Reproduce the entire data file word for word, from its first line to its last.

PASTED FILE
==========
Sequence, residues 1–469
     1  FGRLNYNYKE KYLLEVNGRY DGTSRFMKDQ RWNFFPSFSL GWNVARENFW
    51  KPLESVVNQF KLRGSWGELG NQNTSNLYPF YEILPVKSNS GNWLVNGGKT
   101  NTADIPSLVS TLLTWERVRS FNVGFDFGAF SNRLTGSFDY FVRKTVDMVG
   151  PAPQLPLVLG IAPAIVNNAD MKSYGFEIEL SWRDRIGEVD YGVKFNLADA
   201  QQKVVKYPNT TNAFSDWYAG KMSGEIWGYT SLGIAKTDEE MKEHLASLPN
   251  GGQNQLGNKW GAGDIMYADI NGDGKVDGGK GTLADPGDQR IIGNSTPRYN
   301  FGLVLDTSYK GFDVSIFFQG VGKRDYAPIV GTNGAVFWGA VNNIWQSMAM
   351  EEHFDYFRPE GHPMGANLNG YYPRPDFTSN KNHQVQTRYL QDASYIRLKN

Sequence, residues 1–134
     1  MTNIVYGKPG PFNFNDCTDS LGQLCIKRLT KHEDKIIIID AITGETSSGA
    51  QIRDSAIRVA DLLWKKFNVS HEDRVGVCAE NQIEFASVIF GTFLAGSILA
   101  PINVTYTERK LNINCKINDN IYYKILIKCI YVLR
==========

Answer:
Sequence, residues 1–469
     1  FGRLNYNYKE KYLLEVNGRY DGTSRFMKDQ RWNFFPSFSL GWNVARENFW
    51  KPLESVVNQF KLRGSWGELG NQNTSNLYPF YEILPVKSNS GNWLVNGGKT
   101  NTADIPSLVS TLLTWERVRS FNVGFDFGAF SNRLTGSFDY FVRKTVDMVG
   151  PAPQLPLVLG IAPAIVNNAD MKSYGFEIEL SWRDRIGEVD YGVKFNLADA
   201  QQKVVKYPNT TNAFSDWYAG KMSGEIWGYT SLGIAKTDEE MKEHLASLPN
   251  GGQNQLGNKW GAGDIMYADI NGDGKVDGGK GTLADPGDQR IIGNSTPRYN
   301  FGLVLDTSYK GFDVSIFFQG VGKRDYAPIV GTNGAVFWGA VNNIWQSMAM
   351  EEHFDYFRPE GHPMGANLNG YYPRPDFTSN KNHQVQTRYL QDASYIRLKN

Sequence, residues 1–134
     1  MTNIVYGKPG PFNFNDCTDS LGQLCIKRLT KHEDKIIIID AITGETSSGA
    51  QIRDSAIRVA DLLWKKFNVS HEDRVGVCAE NQIEFASVIF GTFLAGSILA
   101  PINVTYTERK LNINCKINDN IYYKILIKCI YVLR